New Horizons probe takes family photo of Pluto’s moons

Pluto moons

Pluto’s four outermost moons whirl around the dwarf planet in these images from the New Horizons spacecraft. Pluto and its largest moon Charon are hidden in the glare at the center of each image. The colors (right) mark the moons and their orbits.

JOHNS HOPKINS UNIVERSITY APPLIED PHYSICS LABORATORY, SOUTHWEST RESEARCH INSTITUTE, NASA

Pluto’s family portrait (as far as we know) is complete. The New Horizons spacecraft finally spied the dwarf planet’s two tiniest satellites, Kerberos and Styx, in a series of images taken from April 25 to May 1, when the probe was nearly 90 million kilometers from Pluto. The moons were discovered in images from the Hubble Space Telescope in 2011 and 2012.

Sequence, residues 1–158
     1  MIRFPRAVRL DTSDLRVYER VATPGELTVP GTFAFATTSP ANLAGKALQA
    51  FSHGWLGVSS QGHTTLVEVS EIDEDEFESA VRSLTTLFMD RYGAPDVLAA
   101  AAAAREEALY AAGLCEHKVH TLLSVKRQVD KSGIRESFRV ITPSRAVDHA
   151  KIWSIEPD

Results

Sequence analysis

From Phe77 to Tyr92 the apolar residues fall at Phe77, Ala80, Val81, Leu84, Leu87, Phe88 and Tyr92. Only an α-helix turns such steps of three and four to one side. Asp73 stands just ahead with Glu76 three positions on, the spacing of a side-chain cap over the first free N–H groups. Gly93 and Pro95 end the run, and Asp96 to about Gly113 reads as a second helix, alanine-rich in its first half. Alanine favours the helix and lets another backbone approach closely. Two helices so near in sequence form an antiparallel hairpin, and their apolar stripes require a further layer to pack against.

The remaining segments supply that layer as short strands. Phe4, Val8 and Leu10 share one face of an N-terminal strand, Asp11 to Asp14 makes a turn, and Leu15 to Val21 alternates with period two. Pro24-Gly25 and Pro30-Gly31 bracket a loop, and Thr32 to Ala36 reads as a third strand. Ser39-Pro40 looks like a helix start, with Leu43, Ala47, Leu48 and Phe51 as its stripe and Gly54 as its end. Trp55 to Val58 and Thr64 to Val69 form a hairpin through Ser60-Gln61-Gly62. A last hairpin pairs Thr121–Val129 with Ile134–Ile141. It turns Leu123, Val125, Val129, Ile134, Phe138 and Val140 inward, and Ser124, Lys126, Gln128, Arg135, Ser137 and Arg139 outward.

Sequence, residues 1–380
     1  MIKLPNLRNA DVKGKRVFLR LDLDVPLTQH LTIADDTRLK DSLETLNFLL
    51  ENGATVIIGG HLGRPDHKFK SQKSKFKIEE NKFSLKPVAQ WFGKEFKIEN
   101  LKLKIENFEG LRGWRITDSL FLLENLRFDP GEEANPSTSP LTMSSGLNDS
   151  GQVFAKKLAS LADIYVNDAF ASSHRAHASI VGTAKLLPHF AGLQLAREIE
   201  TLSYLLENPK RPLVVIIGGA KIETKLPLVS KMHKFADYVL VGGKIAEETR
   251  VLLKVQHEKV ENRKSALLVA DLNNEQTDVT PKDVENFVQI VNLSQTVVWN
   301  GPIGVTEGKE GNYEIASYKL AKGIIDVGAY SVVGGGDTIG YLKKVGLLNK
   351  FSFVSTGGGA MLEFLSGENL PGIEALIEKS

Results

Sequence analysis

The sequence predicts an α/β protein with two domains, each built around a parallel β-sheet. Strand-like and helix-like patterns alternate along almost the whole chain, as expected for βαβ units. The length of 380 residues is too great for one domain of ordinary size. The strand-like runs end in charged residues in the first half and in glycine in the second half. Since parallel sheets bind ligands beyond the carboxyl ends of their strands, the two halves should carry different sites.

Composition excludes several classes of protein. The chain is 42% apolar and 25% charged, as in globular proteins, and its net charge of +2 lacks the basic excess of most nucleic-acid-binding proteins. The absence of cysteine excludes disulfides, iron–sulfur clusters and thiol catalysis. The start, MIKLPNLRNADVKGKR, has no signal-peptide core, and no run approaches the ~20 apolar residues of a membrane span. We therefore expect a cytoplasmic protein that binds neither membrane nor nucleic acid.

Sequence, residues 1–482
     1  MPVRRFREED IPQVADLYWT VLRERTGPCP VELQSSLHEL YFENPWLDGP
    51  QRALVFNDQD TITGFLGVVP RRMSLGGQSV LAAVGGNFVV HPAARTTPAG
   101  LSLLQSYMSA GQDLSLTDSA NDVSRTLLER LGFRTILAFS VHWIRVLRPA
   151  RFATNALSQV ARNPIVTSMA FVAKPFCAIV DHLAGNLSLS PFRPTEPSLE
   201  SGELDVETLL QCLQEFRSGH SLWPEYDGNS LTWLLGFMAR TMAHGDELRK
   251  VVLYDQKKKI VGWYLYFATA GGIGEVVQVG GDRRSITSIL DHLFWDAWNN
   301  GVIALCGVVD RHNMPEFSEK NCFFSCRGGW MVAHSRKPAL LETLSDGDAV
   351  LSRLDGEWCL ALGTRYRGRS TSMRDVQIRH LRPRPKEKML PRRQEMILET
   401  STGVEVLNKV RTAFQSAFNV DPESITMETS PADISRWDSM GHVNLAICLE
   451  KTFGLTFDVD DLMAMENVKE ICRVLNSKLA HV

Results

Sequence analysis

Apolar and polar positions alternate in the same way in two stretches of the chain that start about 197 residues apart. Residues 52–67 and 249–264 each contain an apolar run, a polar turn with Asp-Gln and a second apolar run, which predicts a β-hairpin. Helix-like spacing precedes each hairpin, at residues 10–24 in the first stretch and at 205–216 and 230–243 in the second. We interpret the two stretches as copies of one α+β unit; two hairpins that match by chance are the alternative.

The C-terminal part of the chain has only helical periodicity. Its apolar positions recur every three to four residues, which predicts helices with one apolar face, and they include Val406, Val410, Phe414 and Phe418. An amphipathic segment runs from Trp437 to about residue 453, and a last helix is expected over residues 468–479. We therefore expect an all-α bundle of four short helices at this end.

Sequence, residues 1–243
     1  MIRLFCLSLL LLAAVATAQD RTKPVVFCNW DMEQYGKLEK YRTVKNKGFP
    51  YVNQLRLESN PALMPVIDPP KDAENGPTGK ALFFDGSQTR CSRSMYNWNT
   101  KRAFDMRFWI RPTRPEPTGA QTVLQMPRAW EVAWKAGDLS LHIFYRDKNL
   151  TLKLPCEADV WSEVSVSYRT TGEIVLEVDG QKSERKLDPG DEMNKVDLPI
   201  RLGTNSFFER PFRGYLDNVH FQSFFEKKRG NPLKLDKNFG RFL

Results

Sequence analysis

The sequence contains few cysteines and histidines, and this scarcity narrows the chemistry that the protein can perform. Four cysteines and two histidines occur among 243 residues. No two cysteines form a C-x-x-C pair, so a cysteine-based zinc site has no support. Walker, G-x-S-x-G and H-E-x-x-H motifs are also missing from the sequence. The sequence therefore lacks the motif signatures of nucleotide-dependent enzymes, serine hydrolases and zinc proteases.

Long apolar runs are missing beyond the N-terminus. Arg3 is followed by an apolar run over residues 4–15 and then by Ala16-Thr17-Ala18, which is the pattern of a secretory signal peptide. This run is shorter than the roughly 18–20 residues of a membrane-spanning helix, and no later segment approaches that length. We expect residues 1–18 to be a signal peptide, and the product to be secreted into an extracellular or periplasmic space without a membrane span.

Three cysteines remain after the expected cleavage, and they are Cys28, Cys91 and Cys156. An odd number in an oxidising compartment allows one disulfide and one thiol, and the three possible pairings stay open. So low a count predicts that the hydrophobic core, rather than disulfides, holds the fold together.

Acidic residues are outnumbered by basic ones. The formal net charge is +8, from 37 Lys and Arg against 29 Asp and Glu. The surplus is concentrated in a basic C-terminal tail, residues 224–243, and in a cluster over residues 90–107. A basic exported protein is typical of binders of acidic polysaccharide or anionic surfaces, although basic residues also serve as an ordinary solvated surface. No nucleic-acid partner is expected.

New Horizons moves about 1.2 million kilometers closer to Pluto every day. The probe will buzz the planet — and its ensemble of five satellites — on July 14, after spending 114 months in space.  

Christopher Crockett is a freelance science writer and editor based in Arlington, Va. He has a Ph.D. in astronomy from the University of California, Los Angeles.

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